How does alcohol affect weight loss?
Find out if your drinking could be making it harder to achieve your weight loss goals.
If you’re carrying a few extra pounds losing weight could have wide ranging benefits for your health and wellbeing. Watch the video below to see the effect alcohol could be having on your weight.
The key to losing weight is to burn more calories than you consume, and reducing the amount you drink can help you lower your calorie intake. And it’s not just the calories you’ll cut out that could help you get in shape; cutting back on alcohol will mean you’ll get a better night’s sleep1 so you’ll feel refreshed and perhaps have a little more motivation to go for that morning run or swim.
It’s important to remember that you should only try to lose weight if your BMI (Body Mass Index) is above the healthy range for your age, height and gender. You can find out your BMI using the BMI calculator on the NHS choices website.
Alcohol is higher in calories than most people realise, containing seven calories per gram2, compared to protein and carbohydrate which have around four calories per gram and fat which has nine. The calorific nature of alcoholic drinks can be deceptive, as while you may know treating yourself to a pizza is a bit of an indulgence, but a few drinks after work every so often might not seem anything out of the ordinary. However, a pint of beer can have as many calories as a large slice of pizza, and a large glass of white wine could be the same as an ice cream and cone, so the calories in those few drinks can quickly add up. What’s more, calories in alcohol are considered ‘empty’ calories, as they don’t provide any nutrients.
It’s not just the calories in alcohol that can contribute to weight gain, it’s also the greasy takeaway food that seems so appealing on the way home from the pub, or the chocolate at the back of the fridge after a couple of glasses of wine at home. Drinking less makes it easier to stick to your healthier meal choices, which in time will have a positive impact on your waistline.
The ways in which drinking less can make it easier to lose weight don’t end there. Whether you workout, jog or play sport exercise is one of the best ways to lose weight, and there’s no question that drinking less will make exercising that bit easier. If you’ve ever tried to drag yourself to the gym with a hangover, you’ll know what we mean. As alcohol is a diuretic, your body is dehydrated after a night of drinking, affecting the flow of blood through your body during exercise3. Being dehydrated also means your body can’t control its temperature as effectively, making you more likely to overheat4. Combining this with the other symptoms of a hangover such as a pounding head and sensitivity to light means exercising the morning after can be a real struggle.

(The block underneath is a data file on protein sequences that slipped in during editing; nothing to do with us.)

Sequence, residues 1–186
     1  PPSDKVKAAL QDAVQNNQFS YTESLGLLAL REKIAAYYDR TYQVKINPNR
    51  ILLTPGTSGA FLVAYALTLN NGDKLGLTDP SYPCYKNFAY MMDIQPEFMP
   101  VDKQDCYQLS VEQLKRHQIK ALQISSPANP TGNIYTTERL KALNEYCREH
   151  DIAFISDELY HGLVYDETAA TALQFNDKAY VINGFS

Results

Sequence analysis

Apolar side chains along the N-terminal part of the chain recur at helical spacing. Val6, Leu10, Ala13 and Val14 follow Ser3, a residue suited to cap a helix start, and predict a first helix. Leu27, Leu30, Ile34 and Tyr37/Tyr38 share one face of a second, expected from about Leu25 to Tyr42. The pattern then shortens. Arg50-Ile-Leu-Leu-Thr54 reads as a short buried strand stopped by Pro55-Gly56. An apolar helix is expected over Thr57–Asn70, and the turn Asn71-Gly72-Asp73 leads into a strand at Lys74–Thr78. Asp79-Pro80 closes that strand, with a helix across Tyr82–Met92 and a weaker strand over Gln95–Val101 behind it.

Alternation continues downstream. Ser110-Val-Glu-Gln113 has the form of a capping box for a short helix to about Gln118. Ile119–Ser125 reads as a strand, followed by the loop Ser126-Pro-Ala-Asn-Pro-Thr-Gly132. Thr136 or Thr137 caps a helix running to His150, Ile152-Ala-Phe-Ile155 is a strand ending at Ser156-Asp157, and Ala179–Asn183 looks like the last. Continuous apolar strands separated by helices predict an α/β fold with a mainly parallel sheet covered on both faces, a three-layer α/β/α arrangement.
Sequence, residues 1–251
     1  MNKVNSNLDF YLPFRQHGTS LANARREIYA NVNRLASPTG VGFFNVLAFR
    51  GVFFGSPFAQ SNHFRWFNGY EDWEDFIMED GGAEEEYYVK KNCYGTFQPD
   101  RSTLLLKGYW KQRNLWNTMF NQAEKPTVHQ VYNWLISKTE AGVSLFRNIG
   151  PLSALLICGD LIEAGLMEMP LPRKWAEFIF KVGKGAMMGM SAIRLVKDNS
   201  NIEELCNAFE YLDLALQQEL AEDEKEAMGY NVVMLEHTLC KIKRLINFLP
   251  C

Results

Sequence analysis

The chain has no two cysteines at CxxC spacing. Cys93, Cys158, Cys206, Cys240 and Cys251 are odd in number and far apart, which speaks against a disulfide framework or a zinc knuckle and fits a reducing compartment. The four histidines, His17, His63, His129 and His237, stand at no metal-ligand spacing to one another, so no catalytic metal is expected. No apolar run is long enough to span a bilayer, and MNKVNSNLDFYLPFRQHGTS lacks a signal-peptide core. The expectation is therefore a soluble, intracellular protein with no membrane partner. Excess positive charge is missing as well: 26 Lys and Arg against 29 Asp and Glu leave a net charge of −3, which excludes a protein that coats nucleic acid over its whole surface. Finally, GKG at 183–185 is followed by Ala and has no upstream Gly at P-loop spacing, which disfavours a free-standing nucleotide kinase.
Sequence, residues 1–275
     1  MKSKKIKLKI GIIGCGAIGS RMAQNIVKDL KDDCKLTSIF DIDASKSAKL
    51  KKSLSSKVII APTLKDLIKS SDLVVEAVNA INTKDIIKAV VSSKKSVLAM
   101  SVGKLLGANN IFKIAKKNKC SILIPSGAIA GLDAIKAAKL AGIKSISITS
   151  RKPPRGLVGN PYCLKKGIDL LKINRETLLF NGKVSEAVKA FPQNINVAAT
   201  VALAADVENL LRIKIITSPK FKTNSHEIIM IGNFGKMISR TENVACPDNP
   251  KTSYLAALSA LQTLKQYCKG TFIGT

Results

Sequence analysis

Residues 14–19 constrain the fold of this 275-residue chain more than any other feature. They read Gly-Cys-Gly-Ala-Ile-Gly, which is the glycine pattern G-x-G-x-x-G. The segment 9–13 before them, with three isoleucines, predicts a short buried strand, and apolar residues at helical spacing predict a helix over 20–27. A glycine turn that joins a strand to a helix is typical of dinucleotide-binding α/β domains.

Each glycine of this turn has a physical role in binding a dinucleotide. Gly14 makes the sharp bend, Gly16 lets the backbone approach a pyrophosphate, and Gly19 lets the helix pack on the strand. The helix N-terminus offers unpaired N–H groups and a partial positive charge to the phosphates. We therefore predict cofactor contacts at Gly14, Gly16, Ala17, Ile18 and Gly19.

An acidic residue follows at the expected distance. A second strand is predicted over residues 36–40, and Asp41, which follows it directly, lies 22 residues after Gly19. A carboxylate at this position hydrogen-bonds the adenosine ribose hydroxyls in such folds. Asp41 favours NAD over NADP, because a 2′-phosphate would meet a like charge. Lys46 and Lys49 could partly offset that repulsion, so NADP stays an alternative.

Making a change for the better requires motivation and dedication, and that motivation will come much more easily if you wake up clear headed and well rested.
Drinking less to lose weight is a great idea if combined with a balanced diet and regular exercise. If you’d like to reduce your alcohol intake on a night out, why not try alternating every alcoholic drink you have with a glass of water or low-calorie soft drink? This will slow down the rate of your drinking and keep you hydrated. Drinking plenty of water is also recommended for people trying to lose weight, as it can keep you from mistaking thirst for hunger and snacking more5.
You could also try switching your regular pint for a low alcohol beer. Low alcohol beers tend to be lower calorie as well, so you’ll be consuming fewer calories as well as being more likely to wake up well rested.
If you drink wine, you could try adding soda to a small glass of wine to make a spritzer that lasts just as long as a large glass, to help you cut back the calories.
Finally, try keeping track of your drinking using the MyDrinkaware Online Drinks Tracker or our free Track and Calculate Units mobile app. You’ll be able to set yourself goals for reducing your drinking, and get even more tips and advice for cutting down.
 Roehrs, T. and Roth, T., (2001) Sleep, sleepiness, and alcohol use. Alcohol research and Health, 25(2), pp.101-109.
 Tayie, F. A., & Beck, G. L. (2016). Alcoholic beverage consumption contributes to caloric and moisture intakes and body weight status. Nutrition, 32(7), 799-805.Shirreffs, SM and Maughan, RJ (1997). Restoration of fluid balance after exercise-induced dehydration: effects of alcohol consumption, J Appl Physiol 83: 1152-8.
 Sawka MN, Burke LM, Eichner ER, Maughan RJ, Montain SJ, Stachenfeld NS (2007). American College of Sports Medicine position stand. Exercise and fluid replacement. Med Sci Sports Exerc 39:377–390.
 Dennis, E. A., Flack, K. D., & Davy, B. M. (2009). Beverage Consumption and Adult Weight Management: A Review. Eating Behaviors, 10(4), 237–246.